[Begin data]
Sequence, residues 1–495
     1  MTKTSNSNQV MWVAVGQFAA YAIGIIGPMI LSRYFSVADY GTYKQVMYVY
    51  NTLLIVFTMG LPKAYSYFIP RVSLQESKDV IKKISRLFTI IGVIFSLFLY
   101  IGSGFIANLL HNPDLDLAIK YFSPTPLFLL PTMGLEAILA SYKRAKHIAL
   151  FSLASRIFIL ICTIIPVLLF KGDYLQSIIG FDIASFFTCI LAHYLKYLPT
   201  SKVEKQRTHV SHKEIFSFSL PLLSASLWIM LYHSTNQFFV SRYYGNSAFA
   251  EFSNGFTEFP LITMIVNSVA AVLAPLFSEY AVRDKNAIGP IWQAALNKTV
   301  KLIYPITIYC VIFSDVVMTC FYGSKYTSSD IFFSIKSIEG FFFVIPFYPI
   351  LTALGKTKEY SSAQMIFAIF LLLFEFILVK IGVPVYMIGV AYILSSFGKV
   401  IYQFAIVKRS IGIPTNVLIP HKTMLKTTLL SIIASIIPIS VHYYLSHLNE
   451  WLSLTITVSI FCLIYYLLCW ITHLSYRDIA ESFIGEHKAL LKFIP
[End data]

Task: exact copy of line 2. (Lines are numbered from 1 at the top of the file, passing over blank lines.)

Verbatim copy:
     1  MTKTSNSNQV MWVAVGQFAA YAIGIIGPMI LSRYFSVADY GTYKQVMYVY